Having failed every other way to derail President Barack Obama’s health-care reform, congressional Republicans are determined to block any corrections or modifications in the Affordable Care Act that could be construed as improvements, especially by employers, in the current law.
They hope that by not fixing the errors, inevitable in the drafting of any legislation this size, that employers will be so annoyed by the law that they will stand with the Republicans in repealing it, which the GOP has tried and failed to do 37 times since the law passed.
But, according to The New York Times, "A coalition of large retailers, restaurant chains and temporary staffing companies, along with their powerful Washington trade associations, says it accepts the pillars of the law. But the group, calling itself Employers for Flexibility in Health Care, or E-Flex, is pressing for significant changes."
E-Flex is seeking changes in the definition of full-time worker and the definition of what constitutes a large employer, and a longer grace period to comply with the law when it goes fully into effect in 2014.
In any normal legislative era, such a group probably would get some or all of these changes. It is almost standard practice for major, complicated laws to be brought back into the shop for fixes, modifications or sharpened language, or for the jettisoning of provisions that had proved unworkable.
It happened with Social Security, Medicare, the Children's Health Insurance Program, the prescription-drug entitlement and almost every tax bill Congress has passed.
The Republican position is clear: No tweaks, no fixes, no modifications, nothing that might make the law more popular with voters when it takes full effect in 2014.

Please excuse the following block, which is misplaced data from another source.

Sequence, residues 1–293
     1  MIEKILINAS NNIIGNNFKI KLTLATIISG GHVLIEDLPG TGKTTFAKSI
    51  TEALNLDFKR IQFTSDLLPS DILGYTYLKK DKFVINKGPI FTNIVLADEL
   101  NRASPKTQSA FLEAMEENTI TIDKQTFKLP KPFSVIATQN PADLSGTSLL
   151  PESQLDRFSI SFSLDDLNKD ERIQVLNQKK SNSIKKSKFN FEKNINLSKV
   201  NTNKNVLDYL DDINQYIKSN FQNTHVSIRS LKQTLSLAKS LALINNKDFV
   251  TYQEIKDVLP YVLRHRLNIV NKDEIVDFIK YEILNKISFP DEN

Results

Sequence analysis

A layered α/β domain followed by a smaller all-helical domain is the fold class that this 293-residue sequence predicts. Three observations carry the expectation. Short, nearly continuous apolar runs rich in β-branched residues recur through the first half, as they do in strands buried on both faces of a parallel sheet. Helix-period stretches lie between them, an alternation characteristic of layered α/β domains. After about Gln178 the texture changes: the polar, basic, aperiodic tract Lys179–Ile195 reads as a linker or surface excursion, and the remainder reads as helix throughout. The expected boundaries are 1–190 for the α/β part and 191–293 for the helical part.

Indeed, Rep. Chris Collins, R-Clarence, in a recent meeting with the Daily Messenger Editorial Board, pointed to a host of problems with the law, but would not offer solutions that would make it work better. His suggestion — and it’s a position he has maintained since beginning his campaign for Congress last year — is that the health-care law needs to be scrapped. Still, he offered no ideas of his own on ways to insure more Americans in the unlikely event “Obamacare” is repealed.
Opponents don't have much time. Parts of the law — such as coverage of pre-existing conditions, a longer stay on their parents' health plans for adult children, no lifetime caps — have proven extremely popular.
And in states where governors are making a real effort to implement it, the ACA is showing real promise. In New York, state health department officials are working on a health benefit exchange that will offer residents a marketplace to buy lower-cost health insurance as part of the federal health-care legislation. Per law, the state must begin enrolling people by Oct. 1, with coverage to start in January, and state officials are confident they can meet the deadline.
Page 2 of 2 - In other states, run by Republican governors who refuse to allow the law to expand Medicaid, millions of families will still be denied health insurance, a failing they’ll have to explain once their constituents see what they are missing. The governors might have a decent response if the Republicans had a better plan, or any plan, waiting in the wings.
We know the GOP doesn’t like the Obama administration’s answer to the nation’s healthcare dilemma, but what are their solutions? It’s time they told us.